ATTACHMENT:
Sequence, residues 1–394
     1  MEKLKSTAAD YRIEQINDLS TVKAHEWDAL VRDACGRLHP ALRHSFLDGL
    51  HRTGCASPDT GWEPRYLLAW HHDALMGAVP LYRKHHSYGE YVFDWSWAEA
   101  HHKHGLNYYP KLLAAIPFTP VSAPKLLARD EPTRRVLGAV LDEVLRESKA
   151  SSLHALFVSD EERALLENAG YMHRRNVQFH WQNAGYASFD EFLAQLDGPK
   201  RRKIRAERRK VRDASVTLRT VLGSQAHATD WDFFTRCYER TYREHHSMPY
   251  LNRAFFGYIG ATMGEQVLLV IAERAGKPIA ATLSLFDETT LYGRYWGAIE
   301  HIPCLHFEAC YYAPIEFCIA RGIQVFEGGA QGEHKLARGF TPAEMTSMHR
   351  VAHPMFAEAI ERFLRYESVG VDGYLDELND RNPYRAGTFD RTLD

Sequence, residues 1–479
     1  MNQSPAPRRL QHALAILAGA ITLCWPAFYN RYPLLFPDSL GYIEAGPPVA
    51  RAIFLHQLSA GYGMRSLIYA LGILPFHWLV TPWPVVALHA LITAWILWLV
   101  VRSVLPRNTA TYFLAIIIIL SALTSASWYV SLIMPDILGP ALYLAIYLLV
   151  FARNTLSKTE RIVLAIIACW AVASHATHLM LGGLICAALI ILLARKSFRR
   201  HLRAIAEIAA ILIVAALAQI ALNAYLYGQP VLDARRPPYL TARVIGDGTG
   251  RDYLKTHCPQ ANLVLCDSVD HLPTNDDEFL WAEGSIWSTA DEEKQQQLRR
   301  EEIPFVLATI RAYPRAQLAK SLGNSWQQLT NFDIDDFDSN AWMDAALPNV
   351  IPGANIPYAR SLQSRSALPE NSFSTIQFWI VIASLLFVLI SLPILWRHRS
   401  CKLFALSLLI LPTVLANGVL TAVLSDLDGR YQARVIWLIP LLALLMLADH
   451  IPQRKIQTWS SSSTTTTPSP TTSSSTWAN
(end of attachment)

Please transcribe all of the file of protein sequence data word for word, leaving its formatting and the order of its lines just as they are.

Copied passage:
Sequence, residues 1–394
     1  MEKLKSTAAD YRIEQINDLS TVKAHEWDAL VRDACGRLHP ALRHSFLDGL
    51  HRTGCASPDT GWEPRYLLAW HHDALMGAVP LYRKHHSYGE YVFDWSWAEA
   101  HHKHGLNYYP KLLAAIPFTP VSAPKLLARD EPTRRVLGAV LDEVLRESKA
   151  SSLHALFVSD EERALLENAG YMHRRNVQFH WQNAGYASFD EFLAQLDGPK
   201  RRKIRAERRK VRDASVTLRT VLGSQAHATD WDFFTRCYER TYREHHSMPY
   251  LNRAFFGYIG ATMGEQVLLV IAERAGKPIA ATLSLFDETT LYGRYWGAIE
   301  HIPCLHFEAC YYAPIEFCIA RGIQVFEGGA QGEHKLARGF TPAEMTSMHR
   351  VAHPMFAEAI ERFLRYESVG VDGYLDELND RNPYRAGTFD RTLD

Sequence, residues 1–479
     1  MNQSPAPRRL QHALAILAGA ITLCWPAFYN RYPLLFPDSL GYIEAGPPVA
    51  RAIFLHQLSA GYGMRSLIYA LGILPFHWLV TPWPVVALHA LITAWILWLV
   101  VRSVLPRNTA TYFLAIIIIL SALTSASWYV SLIMPDILGP ALYLAIYLLV
   151  FARNTLSKTE RIVLAIIACW AVASHATHLM LGGLICAALI ILLARKSFRR
   201  HLRAIAEIAA ILIVAALAQI ALNAYLYGQP VLDARRPPYL TARVIGDGTG
   251  RDYLKTHCPQ ANLVLCDSVD HLPTNDDEFL WAEGSIWSTA DEEKQQQLRR
   301  EEIPFVLATI RAYPRAQLAK SLGNSWQQLT NFDIDDFDSN AWMDAALPNV
   351  IPGANIPYAR SLQSRSALPE NSFSTIQFWI VIASLLFVLI SLPILWRHRS
   401  CKLFALSLLI LPTVLANGVL TAVLSDLDGR YQARVIWLIP LLALLMLADH
   451  IPQRKIQTWS SSSTTTTPSP TTSSSTWAN